When transitioning your business to another real estate agent, it is important you mentally prepare your clients ahead of time. Else, they will just take their business elsewhere.
In the article “Life After Real Estate” from the National Association of Realtors, Cindy Marchant, a retired real estate professional, shared some brilliant ideas on how she eased the transition.
Before she entirely transferred the real estate business, she introduced the buying agent to everyone in her database. She took the time and co-marketed with the new agent for nearly a year. For example, they commissioned a headshot that featured both of them together and displayed that along with their names on email signatures, signage, monthly e-newsletters, and business cards.
Furthermore, they attended listing appointments together and co-showed homes for several months to ease the transition.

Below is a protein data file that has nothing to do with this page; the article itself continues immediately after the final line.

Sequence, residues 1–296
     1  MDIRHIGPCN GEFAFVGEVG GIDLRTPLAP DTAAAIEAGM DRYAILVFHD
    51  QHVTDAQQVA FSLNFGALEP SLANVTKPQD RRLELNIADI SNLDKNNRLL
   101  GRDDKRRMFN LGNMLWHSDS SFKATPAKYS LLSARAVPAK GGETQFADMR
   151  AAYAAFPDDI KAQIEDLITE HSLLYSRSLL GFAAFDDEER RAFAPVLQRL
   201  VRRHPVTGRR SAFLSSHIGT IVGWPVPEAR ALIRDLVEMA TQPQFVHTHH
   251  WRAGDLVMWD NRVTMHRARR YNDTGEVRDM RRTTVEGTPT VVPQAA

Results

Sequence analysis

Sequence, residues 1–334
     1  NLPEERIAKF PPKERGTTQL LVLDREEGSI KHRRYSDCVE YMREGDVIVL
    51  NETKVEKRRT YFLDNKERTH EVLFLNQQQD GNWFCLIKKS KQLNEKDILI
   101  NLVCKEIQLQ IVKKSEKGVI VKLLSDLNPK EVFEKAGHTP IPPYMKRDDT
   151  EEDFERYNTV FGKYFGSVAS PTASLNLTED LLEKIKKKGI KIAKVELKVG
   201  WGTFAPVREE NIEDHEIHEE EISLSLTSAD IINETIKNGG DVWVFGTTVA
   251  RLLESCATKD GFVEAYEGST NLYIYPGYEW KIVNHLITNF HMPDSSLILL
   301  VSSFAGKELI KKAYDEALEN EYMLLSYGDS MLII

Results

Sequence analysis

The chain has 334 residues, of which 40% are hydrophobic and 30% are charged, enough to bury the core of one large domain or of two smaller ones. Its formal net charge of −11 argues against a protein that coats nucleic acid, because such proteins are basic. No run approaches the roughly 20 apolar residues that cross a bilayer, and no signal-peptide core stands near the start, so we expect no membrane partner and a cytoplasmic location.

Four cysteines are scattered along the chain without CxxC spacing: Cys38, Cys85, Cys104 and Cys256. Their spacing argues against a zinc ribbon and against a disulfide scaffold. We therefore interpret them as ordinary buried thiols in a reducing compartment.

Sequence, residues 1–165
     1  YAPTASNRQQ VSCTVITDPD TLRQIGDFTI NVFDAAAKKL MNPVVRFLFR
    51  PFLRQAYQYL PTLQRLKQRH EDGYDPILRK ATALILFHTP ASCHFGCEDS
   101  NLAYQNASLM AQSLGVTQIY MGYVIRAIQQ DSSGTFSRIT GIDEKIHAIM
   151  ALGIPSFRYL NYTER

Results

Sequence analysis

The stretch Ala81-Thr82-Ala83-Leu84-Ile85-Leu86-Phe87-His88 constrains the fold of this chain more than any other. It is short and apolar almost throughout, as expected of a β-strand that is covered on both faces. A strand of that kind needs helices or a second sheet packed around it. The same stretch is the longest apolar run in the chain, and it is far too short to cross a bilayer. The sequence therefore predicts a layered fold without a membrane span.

All these efforts really paid off in helping clients to be familiar with her replacement.
4) Put all details in writing
Like handling a real estate transaction, you need an agreement that lays out all the terms and conditions for selling your real estate business. What will be your involvement during the transition process, and how will the commission split be calculated?
In the NAR article, Cindy Marchant shared that she and the new agent did a 50 percent split for the first year, then gradually scaling back over ten years.
Also, it would be best to consider how far the referral arrangement goes. For example, if one of your existing clients brings in a referral to your replacement, will there be a commission split to you?
Furthermore, what would happen if you pass away during the transition period? Does the arrangement continue with the surviving family member? Will the replacement agent pay out a lump sum to your estate? If so, will there be a need to set up buy-sell life insurance?